The first phase of work is underway. It will reconstruct and expand the 2-mile perimeter loop trail to protect damaged redwood roots and water crossings. The second phase will create an immersive grove path to bring visitors onto the valley floor. New features will include gathering areas, a bridge overlooking Montgomery Creek and inclusive interpretive exhibits. Teams will also work to restore areas where extensive existing social trails have damaged the ecosystem. The work is expected to be completed in stages through 2025.
Save the Redwoods League and California State Parks, with the help of the Mendocino Area Parks Association, are engaging local Indigenous groups and historically underrepresented communities in the project development and to support visits.
“This project will allow more visitors from near and far to experience the reserve in ways that are most meaningful to them. The improvements will create short and long loops, places to gather as a group or have a picnic and opportunities to learn and reflect,” said Jessica Carter, director of parks and public engagement for the League.
The total cost for the Montgomery Woods Initiative, including the purchase and stewardship of Atkins Place, is $5.3 million. Save the Redwoods is seeking to raise $3 million in public funding and $2.3 million in private philanthropy to complete this project. To date, individual donors have contributed $1.3 million to purchase and care for Atkins Place.
Proceeds from the League’s annual fundraising event Take Me to the Trees, scheduled for October 22, 2022 in San Francisco, will close the $1 million gap to realize the vision for this beloved old growth redwood reserve. Those who are interested can learn more about the Montgomery Woods Initiative or support these projects by giving here.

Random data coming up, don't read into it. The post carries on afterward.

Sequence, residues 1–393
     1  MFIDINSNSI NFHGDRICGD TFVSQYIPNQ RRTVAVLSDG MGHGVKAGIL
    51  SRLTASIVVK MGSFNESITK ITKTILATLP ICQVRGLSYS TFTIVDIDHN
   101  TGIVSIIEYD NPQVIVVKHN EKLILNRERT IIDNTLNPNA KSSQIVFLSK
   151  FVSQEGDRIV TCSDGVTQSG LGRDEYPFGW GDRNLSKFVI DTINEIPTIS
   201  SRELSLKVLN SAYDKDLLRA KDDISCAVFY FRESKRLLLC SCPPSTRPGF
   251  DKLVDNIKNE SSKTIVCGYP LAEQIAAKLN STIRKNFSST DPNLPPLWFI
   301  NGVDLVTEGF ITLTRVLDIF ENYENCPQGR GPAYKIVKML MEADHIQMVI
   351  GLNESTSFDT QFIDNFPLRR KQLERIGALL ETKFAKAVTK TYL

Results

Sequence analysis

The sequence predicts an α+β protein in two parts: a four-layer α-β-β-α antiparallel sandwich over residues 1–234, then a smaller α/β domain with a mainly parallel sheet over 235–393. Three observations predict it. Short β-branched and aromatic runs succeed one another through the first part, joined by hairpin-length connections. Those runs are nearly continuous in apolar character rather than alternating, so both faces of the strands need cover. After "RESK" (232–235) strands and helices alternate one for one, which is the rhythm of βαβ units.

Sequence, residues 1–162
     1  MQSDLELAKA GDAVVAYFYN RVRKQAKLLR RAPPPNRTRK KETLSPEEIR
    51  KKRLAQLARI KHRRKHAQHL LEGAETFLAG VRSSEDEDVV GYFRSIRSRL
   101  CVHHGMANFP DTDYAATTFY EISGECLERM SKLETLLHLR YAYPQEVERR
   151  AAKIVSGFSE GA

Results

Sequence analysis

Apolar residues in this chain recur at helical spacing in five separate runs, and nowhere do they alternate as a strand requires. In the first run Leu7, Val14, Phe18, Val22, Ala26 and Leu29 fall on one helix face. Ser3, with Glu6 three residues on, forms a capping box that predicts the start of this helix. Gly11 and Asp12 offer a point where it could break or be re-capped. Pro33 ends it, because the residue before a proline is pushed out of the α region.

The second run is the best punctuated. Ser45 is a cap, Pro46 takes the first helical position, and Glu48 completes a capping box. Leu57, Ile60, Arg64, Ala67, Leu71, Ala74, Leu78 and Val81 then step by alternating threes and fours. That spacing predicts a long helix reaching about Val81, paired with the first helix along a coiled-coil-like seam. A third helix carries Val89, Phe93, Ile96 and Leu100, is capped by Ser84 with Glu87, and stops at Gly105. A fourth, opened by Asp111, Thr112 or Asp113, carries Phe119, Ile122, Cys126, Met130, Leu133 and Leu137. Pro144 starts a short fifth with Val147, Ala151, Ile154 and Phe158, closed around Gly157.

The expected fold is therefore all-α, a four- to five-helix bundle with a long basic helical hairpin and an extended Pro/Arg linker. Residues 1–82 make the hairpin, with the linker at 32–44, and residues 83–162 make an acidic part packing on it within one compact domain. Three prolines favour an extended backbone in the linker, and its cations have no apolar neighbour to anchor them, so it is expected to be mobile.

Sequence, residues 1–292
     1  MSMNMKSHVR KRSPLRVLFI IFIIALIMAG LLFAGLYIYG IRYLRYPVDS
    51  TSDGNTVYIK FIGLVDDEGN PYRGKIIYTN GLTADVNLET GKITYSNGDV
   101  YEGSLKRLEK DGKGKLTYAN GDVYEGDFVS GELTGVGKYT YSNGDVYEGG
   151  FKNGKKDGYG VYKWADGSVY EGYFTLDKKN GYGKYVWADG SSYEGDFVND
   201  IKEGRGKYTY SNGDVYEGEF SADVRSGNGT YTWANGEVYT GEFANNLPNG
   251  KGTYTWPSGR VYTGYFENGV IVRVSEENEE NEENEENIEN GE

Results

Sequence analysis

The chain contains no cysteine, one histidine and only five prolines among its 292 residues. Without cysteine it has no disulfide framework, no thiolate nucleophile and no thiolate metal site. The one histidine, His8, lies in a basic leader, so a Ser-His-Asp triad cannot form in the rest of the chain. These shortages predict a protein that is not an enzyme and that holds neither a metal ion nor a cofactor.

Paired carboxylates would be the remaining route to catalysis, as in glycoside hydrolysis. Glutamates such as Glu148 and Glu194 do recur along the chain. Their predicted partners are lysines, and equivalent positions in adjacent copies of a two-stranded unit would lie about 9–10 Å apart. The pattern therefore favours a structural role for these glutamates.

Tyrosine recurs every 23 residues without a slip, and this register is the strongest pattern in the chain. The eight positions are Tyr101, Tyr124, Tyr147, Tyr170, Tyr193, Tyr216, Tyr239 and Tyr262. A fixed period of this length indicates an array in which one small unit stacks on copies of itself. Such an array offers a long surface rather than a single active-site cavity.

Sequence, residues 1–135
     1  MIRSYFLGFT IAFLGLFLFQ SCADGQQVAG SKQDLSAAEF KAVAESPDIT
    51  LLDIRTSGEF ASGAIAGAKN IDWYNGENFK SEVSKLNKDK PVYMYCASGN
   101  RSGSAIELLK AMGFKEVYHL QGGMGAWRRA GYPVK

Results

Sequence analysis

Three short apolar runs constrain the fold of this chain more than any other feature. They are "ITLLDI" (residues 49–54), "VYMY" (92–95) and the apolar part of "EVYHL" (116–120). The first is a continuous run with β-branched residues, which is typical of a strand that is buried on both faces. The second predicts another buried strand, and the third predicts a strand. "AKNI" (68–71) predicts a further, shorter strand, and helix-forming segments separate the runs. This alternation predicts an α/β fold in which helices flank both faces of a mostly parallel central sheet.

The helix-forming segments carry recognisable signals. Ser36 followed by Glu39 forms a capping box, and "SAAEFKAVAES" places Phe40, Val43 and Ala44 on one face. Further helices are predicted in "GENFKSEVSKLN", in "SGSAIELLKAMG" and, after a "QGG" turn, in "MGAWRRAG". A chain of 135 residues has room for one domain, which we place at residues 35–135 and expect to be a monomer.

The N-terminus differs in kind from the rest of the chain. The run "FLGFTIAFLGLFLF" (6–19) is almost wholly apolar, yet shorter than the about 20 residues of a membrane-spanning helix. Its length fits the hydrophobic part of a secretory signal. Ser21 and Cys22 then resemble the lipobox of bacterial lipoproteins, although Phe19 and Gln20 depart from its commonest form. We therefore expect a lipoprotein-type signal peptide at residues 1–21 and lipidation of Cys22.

Saving Mendocino County’s Iconic Redwood Forests
Save the Redwoods League has protected more than 37,500 acres in Mendocino County to date, many in some of the county’s most beloved parks and reserves, including Mendocino Headlands State Park, Sinkyone Wilderness State Park, Navarro River Redwoods State Park and Hendy Woods State Park. The League recently purchased the 3,181-acre Lost Coast Redwoods property and donated a 523-acre redwood forest known as Tc’ih-Léh-Dûñ to the InterTribal Sinkyone Wilderness Council, returning Indigenous guardianship of the land.
Funding the Protection of Atkins Place
The California Natural Resources Agency awarded the League $550,000 in acquisition funding for the purchase of Atkins Place through its Environmental Enhancement & Mitigation Program. Google made a $188,000 gift through its partnership with the International Living Future Institute and its Living Building Challenge, a certification program that requires new projects to meet certain environmental metrics. Nearly 3,000 individual donors gave to the campaign, and the League particularly acknowledges generous contributions from the Clark Family Fund, the Pitzer Family Foundation, and the Daniel Ross Gallie Trust.